Where a company is insolvent and no longer commercially viable under current economic conditions then the directors may determine that the company should cease to trade and be placed into creditors’ voluntary liquidation (CVL). The directors will take steps to call and convene meetings of members and creditors at which the company will be wound up. A CVL is the most common way for directors and shareholders to deal voluntarily with their company‘s insolvency.
A special resolution to wind up the company voluntarily is required to be passed by the members in general meeting together with an ordinary resolution appointing an Insolvency Practitioner as Liquidator. A CVL commences on the passing of the resolution to wind up. The creditors’ meeting is held on the same day as the members’ meeting but it can be held up to 14 days later. The nominated Liquidator’s powers up to the convening of the creditors’ meeting are restricted to taking control and protecting assets but do allow the disposal of perishable stock. Copies of the resolutions passed and formal notice of the Liquidator’s appointment are filed at Companies House and also advertised in the London Gazette.
The creditors’ meeting provides information regarding the company’s financial position in the form of a Statement of Affairs being a Statement of Truth signed by one or more directors. A director must preside as Chairman of the meeting. The Statement of Affairs is accompanied by a report on the company’s affairs prepared by the Insolvency Practitioner nominated as Liquidator based on information provided by the directors.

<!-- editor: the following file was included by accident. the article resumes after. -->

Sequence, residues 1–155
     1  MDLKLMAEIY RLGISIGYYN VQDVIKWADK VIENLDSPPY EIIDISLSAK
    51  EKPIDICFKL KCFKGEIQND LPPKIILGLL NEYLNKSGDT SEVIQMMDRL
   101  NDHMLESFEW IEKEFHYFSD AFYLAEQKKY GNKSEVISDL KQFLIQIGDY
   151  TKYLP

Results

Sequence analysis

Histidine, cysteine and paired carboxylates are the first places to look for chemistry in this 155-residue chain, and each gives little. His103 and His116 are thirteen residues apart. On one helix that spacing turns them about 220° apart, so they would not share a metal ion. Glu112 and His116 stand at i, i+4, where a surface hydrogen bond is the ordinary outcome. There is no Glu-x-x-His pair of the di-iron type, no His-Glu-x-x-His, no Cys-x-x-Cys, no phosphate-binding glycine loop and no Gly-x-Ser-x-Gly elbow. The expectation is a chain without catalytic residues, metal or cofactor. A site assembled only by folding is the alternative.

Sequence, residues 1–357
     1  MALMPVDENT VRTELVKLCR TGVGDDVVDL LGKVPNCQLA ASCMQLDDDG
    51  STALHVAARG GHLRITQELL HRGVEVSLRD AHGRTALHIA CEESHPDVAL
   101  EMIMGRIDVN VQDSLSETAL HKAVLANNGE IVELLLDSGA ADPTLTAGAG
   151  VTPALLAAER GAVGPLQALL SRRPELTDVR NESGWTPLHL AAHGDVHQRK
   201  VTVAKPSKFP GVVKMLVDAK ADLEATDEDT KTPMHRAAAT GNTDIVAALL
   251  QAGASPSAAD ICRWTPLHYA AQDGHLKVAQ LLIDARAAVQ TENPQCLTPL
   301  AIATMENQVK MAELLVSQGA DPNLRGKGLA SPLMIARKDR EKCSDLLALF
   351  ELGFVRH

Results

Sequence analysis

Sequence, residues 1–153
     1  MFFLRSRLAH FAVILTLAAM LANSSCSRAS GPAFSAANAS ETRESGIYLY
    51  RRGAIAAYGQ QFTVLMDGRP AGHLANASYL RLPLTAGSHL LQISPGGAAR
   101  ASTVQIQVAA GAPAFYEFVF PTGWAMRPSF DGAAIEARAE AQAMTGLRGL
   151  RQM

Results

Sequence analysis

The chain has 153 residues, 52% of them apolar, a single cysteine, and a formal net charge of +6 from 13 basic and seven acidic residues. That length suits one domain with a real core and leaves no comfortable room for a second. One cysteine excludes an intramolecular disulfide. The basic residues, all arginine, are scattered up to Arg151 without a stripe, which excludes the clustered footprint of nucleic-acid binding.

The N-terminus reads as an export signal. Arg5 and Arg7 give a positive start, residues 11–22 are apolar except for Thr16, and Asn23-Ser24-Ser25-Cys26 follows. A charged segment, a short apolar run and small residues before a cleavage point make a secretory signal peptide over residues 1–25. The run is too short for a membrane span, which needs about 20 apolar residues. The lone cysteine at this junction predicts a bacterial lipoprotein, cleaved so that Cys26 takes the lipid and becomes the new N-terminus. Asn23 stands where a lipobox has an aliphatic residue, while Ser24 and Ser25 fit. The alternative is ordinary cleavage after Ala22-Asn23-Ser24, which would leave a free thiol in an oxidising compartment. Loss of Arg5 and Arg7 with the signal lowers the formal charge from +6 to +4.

Creditors are entitled to ask questions regarding the company’s affairs upon which they seek clarification or which they may believe will assist the Liquidator in fulfilling his statutory duties.
A resolution will be put to the meeting for confirmation of the members’ nomination as Liquidator, but creditors may nominate an alternative Insolvency Practitioner as Liquidator. If a poll is required then a resolution is passed by a simple majority in value of those creditors present and voting in person or by proxy.
Once the appointment of Liquidator has been resolved the creditors may, if they wish, appoint a Liquidation Committee comprising a minimum of 3 and maximum of 5 creditors whose functions include approving payment of a class of creditors in full, approving compromises with debtors or creditors, receiving progress reports from the Liquidator and fixing the bases of the Liquidator’s fees and certain disbursements.
Copies of the Statement of Affairs and report presented at the statutory creditors’ meeting are sent to all known creditors immediately after the meeting.
A copy of the Statement of Affairs is filed at Companies House within 5 business days of the creditors’ meeting.
CVL following Administration
It is also possible for a liquidation to proceed as a CVL without the need for a creditors’ meeting, where it immediately follows upon the conclusion of an Administration of the company usually where there are funds for unsecured creditors. The Liquidator may be the former Administrator, or such other Insolvency Practitioner previously approved by the creditors during the Administration.
The Liquidator must give notice of his appointment to the London Gazette, Companies House and to all creditors.
A wide range of powers are afforded to the Liquidator to facilitate realisation of the company’s assets, bring or defend legal actions, examine antecedent transactions and the conduct of the directors and agree creditors’ claims. Reports to members and creditors are sent in accordance with statute. The Liquidator will distribute any surplus funds to creditors in accordance with statute. The Liquidator has to furnish a conduct report to the DBIS – insolvency Service on each person who acted as a director in the three years preceding the liquidation.
Upon completion of the CVL the Liquidator is required to call and convene meetings of members and creditors to lay before them an account of the liquidation and seek his formal release. Such meetings have to be Gazetted and the return thereof filed at Companies House within seven days of conclusion.
The company will be automatically dissolved 3 months after registration of the final return at Companies House. The company’s books and records may be destroyed by the Liquidator one year from the dissolution.